The evolution of credit bidding : its recent journey and logical next step
University of British Columbia
Master of Laws - LLM
Credit bidding is a US construct that enables secured creditors to use their secured claims, instead of having to raise additional capital, to bid on their collateral at an asset sale. The US legislature amended the bankruptcy statutes to include credit bidding specifically to prevent the undervaluation of collateral. Recent US case law has re-evaluated when secured creditors are entitled to credit bid and when debtors might be able to deny this right through the use of a loophole subsection. This subsection allows a debtor to deny secured creditors the right to credit bid if the debtor can satisfy their claims by providing an “indubitable equivalent.” While the US Supreme Court ultimately determined that the indubitable equivalent subsection cannot be used to deny secured creditors the right to credit bid at an asset sale, the case law adeptly highlights the merits of credit bidding while demonstrating the dangers of specific legislation. Although Canada does not have legislation regarding credit bidding, it has nonetheless been incorporated into Canadian insolvency proceedings through cross-border cases. This thesis discusses both the benefits and issues involved with credit bidding in a US and Canadian context, reviewing relevant case law and legislation in both jurisdictions. It also discusses the current status of credit bidding in Canada, which, without specific legislation to state otherwise, current case law has found to be permissible but not a right. Consequently, this thesis proposes that credit bidding should be added to Canadian insolvency legislation.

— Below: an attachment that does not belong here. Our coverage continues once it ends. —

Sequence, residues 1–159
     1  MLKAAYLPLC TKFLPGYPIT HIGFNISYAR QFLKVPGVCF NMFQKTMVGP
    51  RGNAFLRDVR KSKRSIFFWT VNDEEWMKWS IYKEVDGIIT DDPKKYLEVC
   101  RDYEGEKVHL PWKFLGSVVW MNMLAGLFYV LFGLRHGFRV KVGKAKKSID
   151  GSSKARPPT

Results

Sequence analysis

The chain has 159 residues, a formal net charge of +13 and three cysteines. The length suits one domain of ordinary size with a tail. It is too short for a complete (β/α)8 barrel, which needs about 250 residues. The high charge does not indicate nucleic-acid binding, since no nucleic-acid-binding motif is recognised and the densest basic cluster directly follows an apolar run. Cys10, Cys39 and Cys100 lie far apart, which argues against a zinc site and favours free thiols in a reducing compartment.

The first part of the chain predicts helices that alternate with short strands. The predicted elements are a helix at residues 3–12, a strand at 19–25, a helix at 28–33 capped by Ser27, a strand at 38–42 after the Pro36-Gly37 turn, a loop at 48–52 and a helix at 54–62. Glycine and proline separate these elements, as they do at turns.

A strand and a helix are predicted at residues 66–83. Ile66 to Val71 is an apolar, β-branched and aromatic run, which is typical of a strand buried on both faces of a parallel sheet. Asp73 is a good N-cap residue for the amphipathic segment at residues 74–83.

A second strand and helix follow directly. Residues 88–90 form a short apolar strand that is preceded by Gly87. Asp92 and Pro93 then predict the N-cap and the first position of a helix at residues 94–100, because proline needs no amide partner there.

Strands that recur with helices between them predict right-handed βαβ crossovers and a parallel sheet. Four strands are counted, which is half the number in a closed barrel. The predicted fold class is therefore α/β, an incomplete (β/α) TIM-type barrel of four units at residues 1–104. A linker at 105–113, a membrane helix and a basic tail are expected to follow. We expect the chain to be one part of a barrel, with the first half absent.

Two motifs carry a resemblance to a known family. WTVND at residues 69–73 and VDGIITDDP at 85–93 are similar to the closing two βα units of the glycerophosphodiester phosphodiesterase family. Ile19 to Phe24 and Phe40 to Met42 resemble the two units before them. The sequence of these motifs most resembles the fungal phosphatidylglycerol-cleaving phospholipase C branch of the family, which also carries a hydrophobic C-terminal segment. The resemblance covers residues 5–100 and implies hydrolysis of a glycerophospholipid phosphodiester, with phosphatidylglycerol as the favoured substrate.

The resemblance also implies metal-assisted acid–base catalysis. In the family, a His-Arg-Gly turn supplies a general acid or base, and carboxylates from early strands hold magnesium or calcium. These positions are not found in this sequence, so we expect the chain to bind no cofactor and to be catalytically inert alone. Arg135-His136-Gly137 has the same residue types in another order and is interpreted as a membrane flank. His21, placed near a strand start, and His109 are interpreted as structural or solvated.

Attribution-NonCommercial-NoDerivatives 4.0 International
Law, Faculty of